My dad is very wise man. My 34 years on this planet has been guided and directed by much of this so far. But the particular nugget that perhaps sticks most in my mind is this: “Every action has a reaction.”
Growing up, this was frequently reminded to my brothers and I. Often in celebration, occasionally in sadness, and from time to time, as a gentle warning about the path we were about to embark on. Perhaps it’s frequency is why I remember it, but I think there may be more to it than that.
It’s one of those annoyingly simple truths that we can become complacent about if we’re not careful. We can know it, and yet still act in certain ways and then be seemingly surprised when the reaction comes.
This morning I, like everyone else in the UK and beyond, has woken to news that changes things. For some it brings hope and cheers, for others despair and tears. But however you feel today, there is an undeniable truth that we have to face.
We. Did. This.
I’m not just talking about the mechanics of democracy. More people putting their cross in one box than another. It goes way beyond that.
Our actions of not just the last 24 hours have led us to this point. And if we don’t get to grips with that, then we can’t be surprised when it happens next time, or the next time, or the next time…
And as I take a long, hard, look at myself in that light this morning, some things are uncomfortably staring right back; if I choose to denigrate our politicians, labelling them all “dishonest” or “self-serving”, then I can’t be surprised when people don’t trust what is being said by them. Or refuse to take part in the process at all.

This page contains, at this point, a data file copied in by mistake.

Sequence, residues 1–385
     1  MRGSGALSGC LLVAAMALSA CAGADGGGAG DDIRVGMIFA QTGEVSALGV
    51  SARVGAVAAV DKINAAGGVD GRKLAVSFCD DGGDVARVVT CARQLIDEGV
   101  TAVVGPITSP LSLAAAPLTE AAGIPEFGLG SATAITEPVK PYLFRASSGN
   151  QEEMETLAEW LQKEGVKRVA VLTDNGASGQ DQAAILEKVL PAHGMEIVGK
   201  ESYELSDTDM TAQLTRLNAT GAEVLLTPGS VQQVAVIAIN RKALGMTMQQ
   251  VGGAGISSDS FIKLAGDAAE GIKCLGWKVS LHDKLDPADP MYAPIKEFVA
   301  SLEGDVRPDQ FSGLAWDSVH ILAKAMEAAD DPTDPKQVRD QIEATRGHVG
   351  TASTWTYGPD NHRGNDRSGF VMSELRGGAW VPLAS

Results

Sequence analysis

If I disengage from politics from election to election, headline to headline, only diving in a few hours before or after the next big thing, I’m not adding or shaping the discourse. I’m just clanging at the last minute in the hope my pithy tweet or couple of paragraphs on Facebook will really make a difference.
If I make villains out of those who stand up for what they believe in – even if I don’t share their belief – I push others away. Afraid to appear in agreement with those I so clearly find laughable. Making them too nervous to ask why, or start conversations that might help bring clarity to us both.
If I rush to caricature those in my communities who hold different opinions, I stop seeing them as my neighbours. I write them off with broad brushstrokes, and make it clear that my walls will always be built and my borders firmly in place.
And so today I, and we, get another choice. Not leave or remain. Not in or out – that ship has sailed.
Today I get the choice to act. To love our politicians, not just in the face of tragedy, but in recognition of their service and duty. To engage in the reality of politics, local, regional and national. No matter how tedious, frustrating, or seemingly pointless it might appear. To resist the temptation to paint those who lean in opposite directions as “ugly” or “racist”, “traitorous” or “naive”.
I can choose to widen my networks, and find ways not just to engage with people who think differently to me, but to build relationships, make room for conversations and allow space for us both. I have much to learn and I won’t do it with mere self-congratulation or singing to the choir.
The truth is, we did this, all of us. And while that might be hard to read – it’s not easy to type – this presents itself as an incredible opportunity.
You see, what happens next, the shape of our country, the future of our relationships, the hope of our communities, we get to act all over again.
And how we act now could, sorry dad, WILL have a tremendous reaction.
To find out more about Christians in politics and how you can get involved with the Show Up campaign here, supported by the Evangelical Alliance.